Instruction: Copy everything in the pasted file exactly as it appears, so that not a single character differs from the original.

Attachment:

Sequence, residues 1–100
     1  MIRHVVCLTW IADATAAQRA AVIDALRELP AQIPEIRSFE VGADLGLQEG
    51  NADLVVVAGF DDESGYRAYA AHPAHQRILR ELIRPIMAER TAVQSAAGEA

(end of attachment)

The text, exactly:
Sequence, residues 1–100
     1  MIRHVVCLTW IADATAAQRA AVIDALRELP AQIPEIRSFE VGADLGLQEG
    51  NADLVVVAGF DDESGYRAYA AHPAHQRILR ELIRPIMAER TAVQSAAGEA